Although motivations from anonymous sources are difficult to assess, there are three likely sources, all wishing to force Trump or his staff out of office, or make the country ungovernable, or destroy Trump’s credibility should he try to run for president in 2020.

Officials appointed by Trump are selectively leaking information to make their opponents in the administration look bad, or to make themselves look good.

The firing of National Security Advisor Michael Flynn after only two weeks in office seems to have been the result of White House in-fighting.

In the government itself, permanent civil servants and temporary hold-overs from the Obama administration want to change policy and/or see his government fail.

An anonymous source leaked private telephone conversation transcripts between Trump and the president of Mexico and prime minister of Australia.

Trump’s amended highly controversial immigration policy denying U.S. visas to people from seven terrorist-sponsoring countries was leaked; the document still had handwritten notes in the margins.

The controversial revision of Obamacare was leaked, apparently to allow Obama supporters to mobilize against it at town hall meetings targeting Republican Congressional members.

The Daily Mail reports that the computer hacker group, Anonymous, has threatened to reveal Trump’s affiliation with Russian leadership, expressing that he “will regret the next four years.”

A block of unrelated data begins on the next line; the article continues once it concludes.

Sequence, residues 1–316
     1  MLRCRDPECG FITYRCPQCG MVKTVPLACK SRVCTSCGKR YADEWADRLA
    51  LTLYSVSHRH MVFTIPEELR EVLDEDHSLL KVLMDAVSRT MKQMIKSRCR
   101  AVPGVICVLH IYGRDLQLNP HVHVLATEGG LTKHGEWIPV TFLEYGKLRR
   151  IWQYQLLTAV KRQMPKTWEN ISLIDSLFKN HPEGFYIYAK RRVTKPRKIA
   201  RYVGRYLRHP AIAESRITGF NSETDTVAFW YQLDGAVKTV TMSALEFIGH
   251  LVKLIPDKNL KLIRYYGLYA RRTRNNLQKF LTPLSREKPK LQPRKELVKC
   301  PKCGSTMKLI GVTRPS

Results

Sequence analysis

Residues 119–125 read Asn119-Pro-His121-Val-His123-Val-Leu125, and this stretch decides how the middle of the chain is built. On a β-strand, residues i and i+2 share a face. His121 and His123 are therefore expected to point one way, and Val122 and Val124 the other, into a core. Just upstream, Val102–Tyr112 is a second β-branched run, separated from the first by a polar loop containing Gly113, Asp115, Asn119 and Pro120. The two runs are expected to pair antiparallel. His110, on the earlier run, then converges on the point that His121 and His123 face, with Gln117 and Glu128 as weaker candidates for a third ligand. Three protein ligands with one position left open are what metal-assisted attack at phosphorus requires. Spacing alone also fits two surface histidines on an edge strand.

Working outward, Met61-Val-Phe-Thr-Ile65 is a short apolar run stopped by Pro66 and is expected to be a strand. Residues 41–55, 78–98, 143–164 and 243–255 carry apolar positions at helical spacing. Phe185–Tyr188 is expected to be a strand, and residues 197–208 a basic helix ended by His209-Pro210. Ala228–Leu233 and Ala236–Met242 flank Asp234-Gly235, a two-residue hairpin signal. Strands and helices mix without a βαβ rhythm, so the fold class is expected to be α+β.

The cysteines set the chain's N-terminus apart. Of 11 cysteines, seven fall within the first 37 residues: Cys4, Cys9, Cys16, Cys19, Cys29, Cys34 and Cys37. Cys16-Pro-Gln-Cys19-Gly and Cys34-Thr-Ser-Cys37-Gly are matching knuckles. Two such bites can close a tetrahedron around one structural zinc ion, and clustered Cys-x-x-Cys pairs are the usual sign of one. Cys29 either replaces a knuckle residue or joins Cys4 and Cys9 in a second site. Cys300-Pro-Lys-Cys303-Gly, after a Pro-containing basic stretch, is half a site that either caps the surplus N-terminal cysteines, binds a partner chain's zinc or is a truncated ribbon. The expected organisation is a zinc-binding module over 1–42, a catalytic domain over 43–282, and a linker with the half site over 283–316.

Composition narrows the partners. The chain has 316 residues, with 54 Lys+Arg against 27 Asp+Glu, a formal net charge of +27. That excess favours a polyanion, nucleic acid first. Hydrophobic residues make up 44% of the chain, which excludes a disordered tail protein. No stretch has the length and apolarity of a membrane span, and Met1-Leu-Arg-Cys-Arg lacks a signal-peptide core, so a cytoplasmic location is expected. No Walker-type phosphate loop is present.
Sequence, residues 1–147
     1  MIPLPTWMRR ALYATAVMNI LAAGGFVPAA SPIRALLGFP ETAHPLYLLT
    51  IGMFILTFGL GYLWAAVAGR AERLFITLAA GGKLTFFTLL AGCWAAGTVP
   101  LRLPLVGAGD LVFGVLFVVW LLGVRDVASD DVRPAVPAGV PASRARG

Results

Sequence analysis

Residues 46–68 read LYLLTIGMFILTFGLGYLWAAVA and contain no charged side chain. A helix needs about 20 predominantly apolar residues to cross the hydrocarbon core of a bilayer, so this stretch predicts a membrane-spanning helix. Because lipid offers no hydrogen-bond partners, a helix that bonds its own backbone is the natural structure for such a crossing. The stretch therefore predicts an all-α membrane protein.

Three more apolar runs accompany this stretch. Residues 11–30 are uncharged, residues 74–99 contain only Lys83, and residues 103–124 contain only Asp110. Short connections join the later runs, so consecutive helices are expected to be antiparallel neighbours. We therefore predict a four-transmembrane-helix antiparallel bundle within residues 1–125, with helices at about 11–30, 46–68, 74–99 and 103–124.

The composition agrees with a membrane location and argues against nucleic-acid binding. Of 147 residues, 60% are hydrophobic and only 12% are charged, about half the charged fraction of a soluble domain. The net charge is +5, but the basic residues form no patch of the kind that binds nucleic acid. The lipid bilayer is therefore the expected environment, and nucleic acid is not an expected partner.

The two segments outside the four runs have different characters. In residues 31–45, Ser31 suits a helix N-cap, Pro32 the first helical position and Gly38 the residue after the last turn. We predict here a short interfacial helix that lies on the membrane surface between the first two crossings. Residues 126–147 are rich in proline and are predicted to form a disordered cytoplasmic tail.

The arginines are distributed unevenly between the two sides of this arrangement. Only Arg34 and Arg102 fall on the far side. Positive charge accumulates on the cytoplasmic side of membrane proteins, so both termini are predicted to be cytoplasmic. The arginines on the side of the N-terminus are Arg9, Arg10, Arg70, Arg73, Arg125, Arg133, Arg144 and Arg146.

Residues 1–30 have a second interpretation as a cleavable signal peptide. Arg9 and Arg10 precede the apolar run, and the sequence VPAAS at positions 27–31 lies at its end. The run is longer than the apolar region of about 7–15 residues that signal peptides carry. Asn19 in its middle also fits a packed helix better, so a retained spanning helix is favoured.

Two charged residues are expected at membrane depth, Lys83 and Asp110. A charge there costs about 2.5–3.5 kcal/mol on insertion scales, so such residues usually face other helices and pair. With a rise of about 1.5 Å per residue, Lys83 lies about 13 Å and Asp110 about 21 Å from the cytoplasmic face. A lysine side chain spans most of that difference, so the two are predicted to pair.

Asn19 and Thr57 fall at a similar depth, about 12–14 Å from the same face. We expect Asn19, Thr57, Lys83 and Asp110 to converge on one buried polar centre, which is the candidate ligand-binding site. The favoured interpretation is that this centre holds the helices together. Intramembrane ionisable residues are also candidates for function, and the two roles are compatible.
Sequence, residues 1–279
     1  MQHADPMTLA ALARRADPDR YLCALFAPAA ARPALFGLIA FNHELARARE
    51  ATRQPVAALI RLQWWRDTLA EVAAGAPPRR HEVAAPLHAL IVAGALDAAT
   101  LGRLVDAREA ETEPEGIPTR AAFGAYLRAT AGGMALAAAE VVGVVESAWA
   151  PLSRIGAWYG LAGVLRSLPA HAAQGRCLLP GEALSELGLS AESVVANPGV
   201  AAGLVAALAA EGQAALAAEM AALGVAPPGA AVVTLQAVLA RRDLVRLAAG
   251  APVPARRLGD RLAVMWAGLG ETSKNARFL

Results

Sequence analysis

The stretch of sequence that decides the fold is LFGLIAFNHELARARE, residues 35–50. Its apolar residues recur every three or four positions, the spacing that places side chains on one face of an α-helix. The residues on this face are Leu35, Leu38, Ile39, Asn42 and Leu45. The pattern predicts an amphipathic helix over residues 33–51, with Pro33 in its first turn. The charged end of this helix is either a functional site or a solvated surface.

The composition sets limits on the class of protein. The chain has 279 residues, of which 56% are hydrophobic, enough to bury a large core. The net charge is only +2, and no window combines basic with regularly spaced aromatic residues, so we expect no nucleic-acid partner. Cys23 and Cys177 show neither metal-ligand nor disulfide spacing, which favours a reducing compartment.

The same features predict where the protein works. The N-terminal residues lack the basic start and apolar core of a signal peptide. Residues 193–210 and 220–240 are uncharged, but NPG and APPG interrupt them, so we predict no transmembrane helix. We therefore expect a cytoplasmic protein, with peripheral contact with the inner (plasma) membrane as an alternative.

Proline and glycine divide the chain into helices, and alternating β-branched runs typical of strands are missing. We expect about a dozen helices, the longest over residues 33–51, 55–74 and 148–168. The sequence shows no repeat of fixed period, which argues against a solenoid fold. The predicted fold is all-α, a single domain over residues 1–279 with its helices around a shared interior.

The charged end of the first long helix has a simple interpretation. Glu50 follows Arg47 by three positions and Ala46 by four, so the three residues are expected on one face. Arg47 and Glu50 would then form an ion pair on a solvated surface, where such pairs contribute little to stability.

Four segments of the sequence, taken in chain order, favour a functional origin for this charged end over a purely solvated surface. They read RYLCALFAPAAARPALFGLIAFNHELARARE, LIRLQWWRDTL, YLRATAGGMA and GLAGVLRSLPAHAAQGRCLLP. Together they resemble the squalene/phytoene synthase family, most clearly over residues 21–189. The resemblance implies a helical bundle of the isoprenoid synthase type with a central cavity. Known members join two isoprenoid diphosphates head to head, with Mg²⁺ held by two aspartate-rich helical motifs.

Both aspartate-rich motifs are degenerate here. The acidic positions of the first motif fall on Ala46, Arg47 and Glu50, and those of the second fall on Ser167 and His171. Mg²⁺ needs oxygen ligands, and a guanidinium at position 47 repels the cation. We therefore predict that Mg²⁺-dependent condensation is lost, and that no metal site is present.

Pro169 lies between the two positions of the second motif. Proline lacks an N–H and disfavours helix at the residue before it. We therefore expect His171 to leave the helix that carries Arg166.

Fighting leaks

Ironically, tools available to Trump to fight leaks were pioneered by President Obama.

Following leaks of nearly 1 million classified Iraq and Afghan War documents by Army Private Chelsea Manning in 2011, Obama launched the Insider Threat Program to identify government leakers and journalists reporting the information.

According to the Committee to Protect Journalists, wiretapping, telephone intercepts, surveillance, lie detectors, and document and computer seizures were employed.

Obama also empowered the Justice Department, FBI, National Security Agency (NSA), CIA and others to pursue leakers and reporters through all means necessary.

Obama used the Espionage Act of 1917, typically used to catch spies, to intimidate journalists. James Rosen, a Foxnews reporter, was surveilled by Justice Department agents who were investigating receipt of secret documents about North Korea. A reporter—James Risen—from the NY Times was threatened with jail when he refused to reveal sources of leaks.